Are the War's By-Products in Fact the Primary Intentions?
In this exhilarating, frustrating pamphlet-disguised-as-book, the Lacanian-Marxist philosopher Slavoj Zizek gleefully points out that the proliferation of arguments for the Iraq war resembles the denials, concessions, and excuses in the joke about the borrowed, broken kettle: (1) I never borrowed the kettle from you; (2) I returned it to you intact; (3) the kettle was broken when I got it from you. The giveaway was that there were "too many" reasons for warWMDs, Al Qaeda connections, democracy. So the disavowed reasons became almost embarrassingly obvious: oil, U.S. hegemony. Zizek also makes (he admits) "slightly paranoid" speculations about darker motivations. What if the supposed by-products of the war on terror are really, unconsciously, the primary intentions: the urge to legitimize torture, to repress "whatever remains of [the U.S.'s] emancipatory potential," to alienate Europe (an economic competitor), even to neuter the Seattle/Genoa anti-capitalist movement?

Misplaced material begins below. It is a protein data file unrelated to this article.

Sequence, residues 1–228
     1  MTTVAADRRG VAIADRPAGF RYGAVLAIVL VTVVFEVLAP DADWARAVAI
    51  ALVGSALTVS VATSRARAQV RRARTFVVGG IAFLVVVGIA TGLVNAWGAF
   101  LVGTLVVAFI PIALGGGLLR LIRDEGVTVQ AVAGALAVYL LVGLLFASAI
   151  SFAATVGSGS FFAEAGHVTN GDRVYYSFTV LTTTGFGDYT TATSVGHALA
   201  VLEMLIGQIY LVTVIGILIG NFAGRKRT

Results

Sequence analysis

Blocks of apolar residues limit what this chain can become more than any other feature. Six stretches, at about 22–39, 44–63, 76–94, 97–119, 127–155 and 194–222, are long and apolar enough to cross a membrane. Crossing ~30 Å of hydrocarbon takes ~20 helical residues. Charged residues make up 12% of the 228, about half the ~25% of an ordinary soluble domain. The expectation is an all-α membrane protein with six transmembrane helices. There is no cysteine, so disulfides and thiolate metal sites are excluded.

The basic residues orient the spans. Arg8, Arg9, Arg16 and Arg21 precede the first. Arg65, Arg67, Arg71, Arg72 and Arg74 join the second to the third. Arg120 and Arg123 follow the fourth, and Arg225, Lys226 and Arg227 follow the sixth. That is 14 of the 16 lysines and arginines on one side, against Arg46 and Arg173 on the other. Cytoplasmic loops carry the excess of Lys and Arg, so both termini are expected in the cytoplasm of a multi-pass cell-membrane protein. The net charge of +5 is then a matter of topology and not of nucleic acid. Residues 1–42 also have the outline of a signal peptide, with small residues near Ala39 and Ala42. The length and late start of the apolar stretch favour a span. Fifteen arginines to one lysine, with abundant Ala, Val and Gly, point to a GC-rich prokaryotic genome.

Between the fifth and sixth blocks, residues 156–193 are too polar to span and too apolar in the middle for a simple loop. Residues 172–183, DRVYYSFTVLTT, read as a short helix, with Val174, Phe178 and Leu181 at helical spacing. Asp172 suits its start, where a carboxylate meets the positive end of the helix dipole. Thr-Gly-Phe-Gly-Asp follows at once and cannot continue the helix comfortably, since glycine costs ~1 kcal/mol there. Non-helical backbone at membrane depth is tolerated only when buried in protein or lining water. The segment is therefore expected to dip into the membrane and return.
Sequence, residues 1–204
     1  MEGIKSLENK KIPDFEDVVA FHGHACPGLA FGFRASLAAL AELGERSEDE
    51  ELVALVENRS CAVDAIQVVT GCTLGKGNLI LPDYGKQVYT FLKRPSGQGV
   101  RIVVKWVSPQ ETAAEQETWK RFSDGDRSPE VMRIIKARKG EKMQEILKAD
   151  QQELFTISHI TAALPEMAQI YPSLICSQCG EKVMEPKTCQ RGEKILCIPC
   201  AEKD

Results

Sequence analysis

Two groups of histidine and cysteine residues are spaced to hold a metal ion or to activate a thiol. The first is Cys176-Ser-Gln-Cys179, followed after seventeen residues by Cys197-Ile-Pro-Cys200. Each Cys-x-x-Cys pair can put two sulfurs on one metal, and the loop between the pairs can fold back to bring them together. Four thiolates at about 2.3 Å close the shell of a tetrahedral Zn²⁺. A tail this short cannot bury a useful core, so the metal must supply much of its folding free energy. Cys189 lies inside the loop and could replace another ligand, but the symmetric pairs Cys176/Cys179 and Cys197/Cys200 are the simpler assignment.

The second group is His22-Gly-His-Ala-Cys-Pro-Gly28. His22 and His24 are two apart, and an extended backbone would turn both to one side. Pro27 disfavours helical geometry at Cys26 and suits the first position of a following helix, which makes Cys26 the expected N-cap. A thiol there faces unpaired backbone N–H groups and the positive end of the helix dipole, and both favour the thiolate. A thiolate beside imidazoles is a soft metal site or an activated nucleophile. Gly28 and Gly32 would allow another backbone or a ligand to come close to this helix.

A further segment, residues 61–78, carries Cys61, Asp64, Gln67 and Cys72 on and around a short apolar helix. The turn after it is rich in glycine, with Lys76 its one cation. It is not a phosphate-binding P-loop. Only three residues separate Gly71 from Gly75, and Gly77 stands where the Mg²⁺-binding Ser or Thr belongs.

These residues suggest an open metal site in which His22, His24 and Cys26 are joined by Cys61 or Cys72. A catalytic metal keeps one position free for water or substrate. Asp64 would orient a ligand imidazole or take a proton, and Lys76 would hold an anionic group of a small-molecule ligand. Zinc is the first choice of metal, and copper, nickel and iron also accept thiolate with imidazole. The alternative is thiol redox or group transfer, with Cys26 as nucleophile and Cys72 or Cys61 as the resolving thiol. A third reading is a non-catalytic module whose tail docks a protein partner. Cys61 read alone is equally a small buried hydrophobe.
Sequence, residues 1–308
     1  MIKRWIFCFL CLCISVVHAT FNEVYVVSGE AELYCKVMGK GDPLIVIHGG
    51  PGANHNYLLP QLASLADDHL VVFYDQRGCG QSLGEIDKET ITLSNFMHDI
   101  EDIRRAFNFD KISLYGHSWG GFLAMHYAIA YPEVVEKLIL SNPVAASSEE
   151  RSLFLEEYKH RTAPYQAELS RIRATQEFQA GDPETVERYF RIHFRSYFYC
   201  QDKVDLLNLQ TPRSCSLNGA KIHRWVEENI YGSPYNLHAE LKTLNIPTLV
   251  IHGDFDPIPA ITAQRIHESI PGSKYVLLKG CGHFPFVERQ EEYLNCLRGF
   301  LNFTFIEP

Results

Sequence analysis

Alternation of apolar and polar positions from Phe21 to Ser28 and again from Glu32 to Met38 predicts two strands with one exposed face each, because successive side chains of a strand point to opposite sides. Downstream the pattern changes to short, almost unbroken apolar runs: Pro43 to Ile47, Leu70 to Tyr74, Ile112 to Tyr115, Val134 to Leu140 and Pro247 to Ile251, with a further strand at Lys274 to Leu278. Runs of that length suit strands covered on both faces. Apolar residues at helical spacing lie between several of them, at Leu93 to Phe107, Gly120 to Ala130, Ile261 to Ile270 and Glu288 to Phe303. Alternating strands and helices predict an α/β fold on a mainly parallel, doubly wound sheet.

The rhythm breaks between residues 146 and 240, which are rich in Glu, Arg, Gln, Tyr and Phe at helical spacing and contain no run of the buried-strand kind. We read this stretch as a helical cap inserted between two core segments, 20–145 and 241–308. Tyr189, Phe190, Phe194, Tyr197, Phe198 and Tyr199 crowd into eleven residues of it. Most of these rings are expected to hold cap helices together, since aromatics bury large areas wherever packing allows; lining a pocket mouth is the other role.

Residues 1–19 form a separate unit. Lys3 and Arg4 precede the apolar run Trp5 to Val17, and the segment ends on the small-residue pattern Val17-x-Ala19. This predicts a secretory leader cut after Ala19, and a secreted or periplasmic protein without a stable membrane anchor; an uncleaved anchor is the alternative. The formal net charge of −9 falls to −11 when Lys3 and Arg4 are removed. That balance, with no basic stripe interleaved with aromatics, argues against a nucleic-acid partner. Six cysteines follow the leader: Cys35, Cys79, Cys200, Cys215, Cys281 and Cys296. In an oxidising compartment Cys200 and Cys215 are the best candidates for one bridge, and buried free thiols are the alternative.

While Zizek's psychoanalytic method is devastating and rollicking good fun, many of his conclusions are familiar. "Who are you to do this?" he asks of the U.S. in Iraq, reciting the standard list of hypocrisies. And, because the rules of war seem to have been rewritten (or scrapped): "The true victims of the war are not the Iraqis, they are elsewhere!" Would Zizek still say this now, as hundreds of Iraqis continue to die in suicide/car bombingsand since things have gone so badly that the U.S. would (hopefully) think thrice before ever launching another unilateral "preventive" war?
Zizek is most radicaland ridiculous?in the unwieldy appendixes. Politics has dissolved into "opportunistic pragmatism" passively navigating the allegedly "anonymous Fate" of global capital. Zizek remains a utopian. The left should not fight to regulate the excesses of the market, he says, but should "do nothing." Only in this way can we "remain open to a revolutionary opportunity."
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